Currently, I'm putting up information on GitHub, and you can click through to see all the things that I've posted so far.  GitHub is mainly geared towards software developers, to aid them in working on collaborative projects, but it made some headlines recently when the White House decided to post a bunch of policy documents on GitHub. It's free for open-source projects and fairly cheap if you want to keep your data totally or partially private. There are a bunch of archaeologists and digital humanists there, posting a variety of interesting stuff. But I was convinced to join when I learned that GitHub will let you visualize .stl files (3D models) in your browser.

(Full disclosure: My husband works for GitHub, so he's tasked me with proselytizing the benefits of it to other archaeologists.  I'm exaggerating... but only a little.)

Some stuff I am posting:
  • Syllabi.  Don't just use my syllabi for ideas... fork them, and post your own!  I posted these spiffed-up syllabi that I created with the hope that people will use them as they see fit and post their own syllabi.  I love reading others' class syllabi; it makes for good ideas for my own classes, as I can pick and choose from a variety of activities, lecture topics, and bibliography entries.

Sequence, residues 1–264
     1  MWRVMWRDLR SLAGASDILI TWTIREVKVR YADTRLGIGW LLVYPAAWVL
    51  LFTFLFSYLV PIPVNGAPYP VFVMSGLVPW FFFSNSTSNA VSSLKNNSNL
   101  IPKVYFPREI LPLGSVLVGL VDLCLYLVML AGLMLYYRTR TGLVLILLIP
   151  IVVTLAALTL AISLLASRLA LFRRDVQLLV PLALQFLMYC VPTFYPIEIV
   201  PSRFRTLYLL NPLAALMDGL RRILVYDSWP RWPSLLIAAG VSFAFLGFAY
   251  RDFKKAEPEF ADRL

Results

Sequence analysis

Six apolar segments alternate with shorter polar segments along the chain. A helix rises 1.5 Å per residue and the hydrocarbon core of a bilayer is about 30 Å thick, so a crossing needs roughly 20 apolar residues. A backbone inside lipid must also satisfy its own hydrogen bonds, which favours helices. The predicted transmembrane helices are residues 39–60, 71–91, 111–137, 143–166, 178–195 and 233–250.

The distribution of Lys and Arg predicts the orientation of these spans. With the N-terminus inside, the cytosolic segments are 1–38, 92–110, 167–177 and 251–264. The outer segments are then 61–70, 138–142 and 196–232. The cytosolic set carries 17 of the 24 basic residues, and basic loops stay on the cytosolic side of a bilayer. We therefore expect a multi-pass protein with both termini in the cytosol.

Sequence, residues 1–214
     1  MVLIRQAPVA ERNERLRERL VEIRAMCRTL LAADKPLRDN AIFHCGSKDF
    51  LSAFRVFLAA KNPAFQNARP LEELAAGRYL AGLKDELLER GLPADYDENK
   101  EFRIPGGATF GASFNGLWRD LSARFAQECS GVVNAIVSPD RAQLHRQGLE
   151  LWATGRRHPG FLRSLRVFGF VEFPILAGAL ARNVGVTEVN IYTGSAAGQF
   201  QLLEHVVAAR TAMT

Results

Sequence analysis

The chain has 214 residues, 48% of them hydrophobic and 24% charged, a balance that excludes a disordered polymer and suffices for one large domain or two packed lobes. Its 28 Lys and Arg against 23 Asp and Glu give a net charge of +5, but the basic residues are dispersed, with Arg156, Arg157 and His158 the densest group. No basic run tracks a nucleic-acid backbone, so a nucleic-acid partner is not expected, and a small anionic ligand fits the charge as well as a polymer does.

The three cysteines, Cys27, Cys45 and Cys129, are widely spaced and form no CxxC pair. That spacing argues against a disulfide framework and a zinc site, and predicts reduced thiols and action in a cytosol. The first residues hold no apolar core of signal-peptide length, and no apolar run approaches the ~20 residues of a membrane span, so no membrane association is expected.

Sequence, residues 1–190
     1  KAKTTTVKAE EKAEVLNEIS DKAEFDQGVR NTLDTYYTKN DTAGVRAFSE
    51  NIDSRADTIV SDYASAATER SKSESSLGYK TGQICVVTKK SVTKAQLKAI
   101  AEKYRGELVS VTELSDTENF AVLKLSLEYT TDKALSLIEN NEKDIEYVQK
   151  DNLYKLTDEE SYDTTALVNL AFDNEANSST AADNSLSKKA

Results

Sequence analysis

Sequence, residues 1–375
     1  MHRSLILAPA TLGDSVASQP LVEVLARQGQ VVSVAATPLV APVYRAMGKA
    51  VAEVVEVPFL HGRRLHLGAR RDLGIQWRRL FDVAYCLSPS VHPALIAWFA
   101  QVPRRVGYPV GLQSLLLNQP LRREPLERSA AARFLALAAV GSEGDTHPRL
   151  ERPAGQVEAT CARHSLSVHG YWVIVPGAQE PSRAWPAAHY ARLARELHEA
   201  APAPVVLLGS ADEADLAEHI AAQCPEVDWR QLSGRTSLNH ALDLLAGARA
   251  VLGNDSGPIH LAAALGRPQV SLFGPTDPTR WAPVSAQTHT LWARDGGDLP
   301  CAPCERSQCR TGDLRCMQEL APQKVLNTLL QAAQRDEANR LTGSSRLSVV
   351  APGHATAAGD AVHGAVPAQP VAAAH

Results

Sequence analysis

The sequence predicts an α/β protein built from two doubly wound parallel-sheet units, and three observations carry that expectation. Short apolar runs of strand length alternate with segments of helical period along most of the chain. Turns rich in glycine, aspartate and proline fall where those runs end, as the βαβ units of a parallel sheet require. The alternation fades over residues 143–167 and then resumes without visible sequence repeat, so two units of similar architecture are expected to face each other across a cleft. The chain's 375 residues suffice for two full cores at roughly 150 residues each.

• 3D models.  Just one posted so far, from the Medieval Berliners project.  I have been slow to learn the 3D scanning and modelling software, but I did scan and photograph all the teeth from this project before drilling into them. Also check out hacky486, one of our grad students, who is doing more with modelling than I am.
  • Osteology Database.  I posted a blank version of the osteology database I designed in 2007 to collect data in Rome.  It has a few updates from 2010.  For those of you osteologists, it's based largely on Standards but more user-friendly (I think) than the Smithsonian's free Osteoware. Mostly, I posted this database here to have somewhere for people to download a big file.
  • Data from Published Articles.  Want to snag my Sr/O/C/N/Pb isotope data from my articles, but don't want to type it all in?  Check out this repository of all the raw data from my 2010 dissertation (and some data from an article that wasn't published in the diss).  I'll probably be updating this file with more contextual information as I go.